What if small towns offered free camping?

Remember those carefree days when you could pull up somewhere, sleep for the night then fling open the door of your van and explore? What happened to those days?

While travelling in France a few years ago, we were astounded to find that dozens of small towns had dedicated “aires de camping-cars” that allowed travellers to park up – not in the outskirts in a showground but, more often than not, right in the heart of the town. 

The facilities ranged from none to a tap and somewhere to empty your toilet, and most were completely free. In the mornings, we’d rip open the door of the van and hop across the square into the local cafe and bakery for breakfast.

In three months, we stayed in lots of these aires de camping-cars, and we never left a place without spending at least a few dollars as thanks.

There are many things we can learn from the French – one is how to treat visitors. 

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How many Australian towns out there are desperate for tourism? Could we not adopt something like the French approach that embraces travellers rather than charging them for a campsite or tucking them on the outskirts of town, making it far to easy to hit the road without spending a cent?

Jonathan Sri has recently discovered the joys of travelling in a campervan. “My partner and I have had the privilege of visiting many beautiful, forgotten places that rarely make it onto tourist brochures,” he writes in the Sydney Morning Herald.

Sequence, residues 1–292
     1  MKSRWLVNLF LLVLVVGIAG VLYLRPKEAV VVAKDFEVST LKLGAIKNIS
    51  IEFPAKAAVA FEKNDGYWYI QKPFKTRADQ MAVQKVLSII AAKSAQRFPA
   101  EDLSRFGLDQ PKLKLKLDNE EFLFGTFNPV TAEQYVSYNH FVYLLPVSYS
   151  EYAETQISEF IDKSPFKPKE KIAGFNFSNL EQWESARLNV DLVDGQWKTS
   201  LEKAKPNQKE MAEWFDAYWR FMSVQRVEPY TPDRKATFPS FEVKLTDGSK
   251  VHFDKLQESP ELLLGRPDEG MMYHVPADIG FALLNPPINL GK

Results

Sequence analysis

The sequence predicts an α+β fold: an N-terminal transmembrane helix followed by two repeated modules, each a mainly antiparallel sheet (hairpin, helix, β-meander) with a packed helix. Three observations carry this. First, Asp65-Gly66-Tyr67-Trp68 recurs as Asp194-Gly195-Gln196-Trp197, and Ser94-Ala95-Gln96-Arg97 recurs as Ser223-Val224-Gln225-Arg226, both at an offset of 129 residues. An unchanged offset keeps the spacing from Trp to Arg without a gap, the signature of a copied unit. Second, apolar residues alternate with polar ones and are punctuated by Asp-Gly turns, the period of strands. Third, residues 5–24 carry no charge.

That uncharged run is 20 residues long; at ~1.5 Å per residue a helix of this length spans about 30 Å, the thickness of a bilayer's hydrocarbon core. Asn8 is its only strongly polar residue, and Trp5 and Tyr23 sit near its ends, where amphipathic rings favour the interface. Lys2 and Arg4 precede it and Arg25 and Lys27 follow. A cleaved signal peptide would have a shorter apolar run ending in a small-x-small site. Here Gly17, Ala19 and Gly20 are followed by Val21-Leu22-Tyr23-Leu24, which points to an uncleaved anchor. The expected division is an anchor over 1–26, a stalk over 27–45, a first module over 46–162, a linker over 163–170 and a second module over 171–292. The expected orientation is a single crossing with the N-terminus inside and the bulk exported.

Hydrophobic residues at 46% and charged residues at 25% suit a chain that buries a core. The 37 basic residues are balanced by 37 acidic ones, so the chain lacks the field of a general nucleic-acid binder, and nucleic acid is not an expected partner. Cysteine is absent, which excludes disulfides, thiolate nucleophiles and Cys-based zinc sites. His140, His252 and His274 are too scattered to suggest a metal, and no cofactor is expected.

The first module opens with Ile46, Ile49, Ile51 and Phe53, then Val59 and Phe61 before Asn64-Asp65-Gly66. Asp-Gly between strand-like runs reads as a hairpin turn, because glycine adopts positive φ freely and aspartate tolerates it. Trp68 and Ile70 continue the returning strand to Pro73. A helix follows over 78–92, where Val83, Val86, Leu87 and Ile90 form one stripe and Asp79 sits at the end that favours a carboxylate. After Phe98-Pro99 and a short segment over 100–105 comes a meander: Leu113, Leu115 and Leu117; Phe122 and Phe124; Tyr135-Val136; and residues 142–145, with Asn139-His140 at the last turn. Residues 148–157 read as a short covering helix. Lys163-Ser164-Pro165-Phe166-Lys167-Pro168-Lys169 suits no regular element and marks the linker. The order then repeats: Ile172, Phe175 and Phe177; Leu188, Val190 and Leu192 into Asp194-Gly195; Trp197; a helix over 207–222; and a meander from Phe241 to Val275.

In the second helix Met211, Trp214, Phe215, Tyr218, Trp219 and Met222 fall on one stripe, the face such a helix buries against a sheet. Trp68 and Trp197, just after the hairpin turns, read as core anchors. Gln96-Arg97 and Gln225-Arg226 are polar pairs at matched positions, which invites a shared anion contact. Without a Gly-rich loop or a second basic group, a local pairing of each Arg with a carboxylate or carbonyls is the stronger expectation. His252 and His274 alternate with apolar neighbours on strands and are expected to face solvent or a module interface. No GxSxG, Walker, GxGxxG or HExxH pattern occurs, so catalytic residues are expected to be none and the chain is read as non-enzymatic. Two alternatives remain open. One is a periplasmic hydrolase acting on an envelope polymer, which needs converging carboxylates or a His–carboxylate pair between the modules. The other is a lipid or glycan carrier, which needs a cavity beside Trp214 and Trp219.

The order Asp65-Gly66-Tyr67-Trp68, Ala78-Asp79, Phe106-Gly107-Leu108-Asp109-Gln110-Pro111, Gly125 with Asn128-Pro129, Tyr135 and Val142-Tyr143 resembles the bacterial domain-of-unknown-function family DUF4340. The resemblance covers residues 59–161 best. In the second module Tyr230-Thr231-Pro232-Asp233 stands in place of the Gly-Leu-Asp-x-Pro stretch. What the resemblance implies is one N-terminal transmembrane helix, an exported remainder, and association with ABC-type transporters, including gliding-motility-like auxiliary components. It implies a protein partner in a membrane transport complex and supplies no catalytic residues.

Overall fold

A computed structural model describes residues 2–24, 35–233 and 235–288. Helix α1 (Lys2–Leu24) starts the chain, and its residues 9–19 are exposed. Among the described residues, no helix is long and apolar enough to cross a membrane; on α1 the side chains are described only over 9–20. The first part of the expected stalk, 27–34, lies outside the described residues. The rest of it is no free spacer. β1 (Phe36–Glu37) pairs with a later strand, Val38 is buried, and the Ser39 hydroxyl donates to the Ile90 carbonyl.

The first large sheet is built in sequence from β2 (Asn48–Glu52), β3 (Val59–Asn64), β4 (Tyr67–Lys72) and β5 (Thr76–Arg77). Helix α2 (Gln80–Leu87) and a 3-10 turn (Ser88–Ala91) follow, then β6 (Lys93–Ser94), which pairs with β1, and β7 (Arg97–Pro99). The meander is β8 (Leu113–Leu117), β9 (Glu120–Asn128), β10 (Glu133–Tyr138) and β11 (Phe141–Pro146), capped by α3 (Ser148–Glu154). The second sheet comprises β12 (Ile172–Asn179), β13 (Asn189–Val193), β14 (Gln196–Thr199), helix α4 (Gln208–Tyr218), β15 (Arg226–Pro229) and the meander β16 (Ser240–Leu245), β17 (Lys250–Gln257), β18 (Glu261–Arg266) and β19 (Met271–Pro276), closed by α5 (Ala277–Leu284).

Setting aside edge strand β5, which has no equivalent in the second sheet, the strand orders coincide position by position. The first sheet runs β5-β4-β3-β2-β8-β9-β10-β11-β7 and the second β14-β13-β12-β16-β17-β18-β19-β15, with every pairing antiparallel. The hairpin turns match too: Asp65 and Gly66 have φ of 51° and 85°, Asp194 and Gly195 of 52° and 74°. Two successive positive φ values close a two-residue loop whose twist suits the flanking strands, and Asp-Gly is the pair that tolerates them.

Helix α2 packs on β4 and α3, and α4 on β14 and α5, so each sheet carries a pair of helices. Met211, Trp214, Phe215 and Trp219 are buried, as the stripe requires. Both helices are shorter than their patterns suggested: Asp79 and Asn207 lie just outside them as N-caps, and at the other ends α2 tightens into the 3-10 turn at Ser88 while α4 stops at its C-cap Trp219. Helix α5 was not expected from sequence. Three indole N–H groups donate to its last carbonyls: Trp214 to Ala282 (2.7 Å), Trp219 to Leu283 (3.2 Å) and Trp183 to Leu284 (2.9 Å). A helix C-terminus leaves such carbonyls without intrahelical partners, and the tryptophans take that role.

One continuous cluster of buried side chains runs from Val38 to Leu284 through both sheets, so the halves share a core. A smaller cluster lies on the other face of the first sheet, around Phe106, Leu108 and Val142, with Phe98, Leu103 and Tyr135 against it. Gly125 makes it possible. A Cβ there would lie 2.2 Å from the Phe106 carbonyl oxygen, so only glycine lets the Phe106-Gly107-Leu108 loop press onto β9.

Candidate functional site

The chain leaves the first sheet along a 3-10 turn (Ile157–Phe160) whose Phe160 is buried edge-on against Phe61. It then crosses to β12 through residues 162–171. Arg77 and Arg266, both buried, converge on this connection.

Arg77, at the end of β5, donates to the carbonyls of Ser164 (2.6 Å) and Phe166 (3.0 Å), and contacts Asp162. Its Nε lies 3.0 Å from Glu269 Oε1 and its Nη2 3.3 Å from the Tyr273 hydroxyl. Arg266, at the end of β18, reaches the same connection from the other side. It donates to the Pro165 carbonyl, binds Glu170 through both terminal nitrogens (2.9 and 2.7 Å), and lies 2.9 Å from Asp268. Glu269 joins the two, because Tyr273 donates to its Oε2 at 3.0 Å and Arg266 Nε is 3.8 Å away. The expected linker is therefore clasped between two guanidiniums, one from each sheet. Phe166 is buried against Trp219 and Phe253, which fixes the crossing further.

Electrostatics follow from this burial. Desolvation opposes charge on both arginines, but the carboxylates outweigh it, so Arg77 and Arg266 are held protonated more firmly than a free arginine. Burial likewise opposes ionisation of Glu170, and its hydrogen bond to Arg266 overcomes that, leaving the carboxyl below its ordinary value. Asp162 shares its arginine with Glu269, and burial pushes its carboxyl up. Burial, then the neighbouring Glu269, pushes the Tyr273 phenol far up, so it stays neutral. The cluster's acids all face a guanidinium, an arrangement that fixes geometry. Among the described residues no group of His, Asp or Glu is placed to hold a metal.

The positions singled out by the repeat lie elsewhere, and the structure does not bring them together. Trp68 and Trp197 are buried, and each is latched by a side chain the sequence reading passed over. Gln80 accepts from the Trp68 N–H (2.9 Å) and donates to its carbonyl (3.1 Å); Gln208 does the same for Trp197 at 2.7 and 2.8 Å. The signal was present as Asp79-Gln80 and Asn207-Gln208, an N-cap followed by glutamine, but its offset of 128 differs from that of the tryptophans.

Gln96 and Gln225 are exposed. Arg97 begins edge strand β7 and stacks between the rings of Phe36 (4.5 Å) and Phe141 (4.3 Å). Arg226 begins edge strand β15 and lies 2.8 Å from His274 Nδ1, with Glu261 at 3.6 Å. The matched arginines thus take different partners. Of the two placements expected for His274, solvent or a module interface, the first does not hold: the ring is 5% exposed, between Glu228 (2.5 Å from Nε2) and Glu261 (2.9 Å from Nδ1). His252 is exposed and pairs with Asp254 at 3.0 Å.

“Sadly though, many of the beaches and rural towns that were magnets for the humble kombi in an earlier age are now prohibitive and unwelcoming to budget travellers. In some regions, councils waste thousands of dollars patrolling and enforcing bans against people sleeping in their vehicles, so rather than staying in town to swap stories with locals at the pub, we pass through in a hurry and spend the night at some roadside truckstop.”

“This is government over-regulation at its worst, and a lost opportunity for councils and small businesses. While we can’t afford to spend $30 a night to stay at the town caravan park, we’d probably spend a tenner at the local bakery or cafe and buy our groceries at the farmers’ market.

“More importantly, we would’ve had the time to connect meaningfully with these towns and learn something of their history and values. Budget travellers not only bring commerce. They contribute to a vibrant and cosmopolitan public sphere.”

Let’s talk: Do you think it would benefit both travellers and small towns if they offered free stopping areas for campervans and motorhomes?